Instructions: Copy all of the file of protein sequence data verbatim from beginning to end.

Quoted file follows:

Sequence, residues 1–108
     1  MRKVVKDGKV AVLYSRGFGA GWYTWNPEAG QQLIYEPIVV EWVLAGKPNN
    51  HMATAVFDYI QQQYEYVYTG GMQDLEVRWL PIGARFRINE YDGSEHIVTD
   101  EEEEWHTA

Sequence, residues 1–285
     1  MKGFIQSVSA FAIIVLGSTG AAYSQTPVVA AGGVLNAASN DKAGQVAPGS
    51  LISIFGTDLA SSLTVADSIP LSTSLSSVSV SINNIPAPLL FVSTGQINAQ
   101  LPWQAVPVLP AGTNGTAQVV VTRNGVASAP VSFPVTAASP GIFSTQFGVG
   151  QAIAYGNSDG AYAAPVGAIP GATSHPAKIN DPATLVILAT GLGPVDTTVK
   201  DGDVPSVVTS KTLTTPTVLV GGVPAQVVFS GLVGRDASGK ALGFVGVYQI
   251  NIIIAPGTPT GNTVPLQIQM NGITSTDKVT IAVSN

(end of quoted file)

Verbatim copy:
Sequence, residues 1–108
     1  MRKVVKDGKV AVLYSRGFGA GWYTWNPEAG QQLIYEPIVV EWVLAGKPNN
    51  HMATAVFDYI QQQYEYVYTG GMQDLEVRWL PIGARFRINE YDGSEHIVTD
   101  EEEEWHTA

Sequence, residues 1–285
     1  MKGFIQSVSA FAIIVLGSTG AAYSQTPVVA AGGVLNAASN DKAGQVAPGS
    51  LISIFGTDLA SSLTVADSIP LSTSLSSVSV SINNIPAPLL FVSTGQINAQ
   101  LPWQAVPVLP AGTNGTAQVV VTRNGVASAP VSFPVTAASP GIFSTQFGVG
   151  QAIAYGNSDG AYAAPVGAIP GATSHPAKIN DPATLVILAT GLGPVDTTVK
   201  DGDVPSVVTS KTLTTPTVLV GGVPAQVVFS GLVGRDASGK ALGFVGVYQI
   251  NIIIAPGTPT GNTVPLQIQM NGITSTDKVT IAVSN